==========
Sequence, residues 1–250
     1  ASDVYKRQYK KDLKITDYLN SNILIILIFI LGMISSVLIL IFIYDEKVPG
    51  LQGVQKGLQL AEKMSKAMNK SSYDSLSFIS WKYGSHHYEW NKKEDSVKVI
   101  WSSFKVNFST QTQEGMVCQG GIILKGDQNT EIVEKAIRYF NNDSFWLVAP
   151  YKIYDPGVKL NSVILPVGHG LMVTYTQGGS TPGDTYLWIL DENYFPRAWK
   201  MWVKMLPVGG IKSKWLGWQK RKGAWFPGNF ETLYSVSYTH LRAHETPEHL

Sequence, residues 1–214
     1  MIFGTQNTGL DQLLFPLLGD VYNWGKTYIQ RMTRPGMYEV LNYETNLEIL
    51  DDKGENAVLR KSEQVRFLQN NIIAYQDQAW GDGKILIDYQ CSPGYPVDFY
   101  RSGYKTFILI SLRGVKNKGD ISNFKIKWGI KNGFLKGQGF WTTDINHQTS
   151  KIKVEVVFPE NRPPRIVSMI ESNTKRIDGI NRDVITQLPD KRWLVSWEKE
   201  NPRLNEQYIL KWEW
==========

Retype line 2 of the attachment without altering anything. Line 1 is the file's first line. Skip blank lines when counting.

     1  ASDVYKRQYK KDLKITDYLN SNILIILIFI LGMISSVLIL IFIYDEKVPG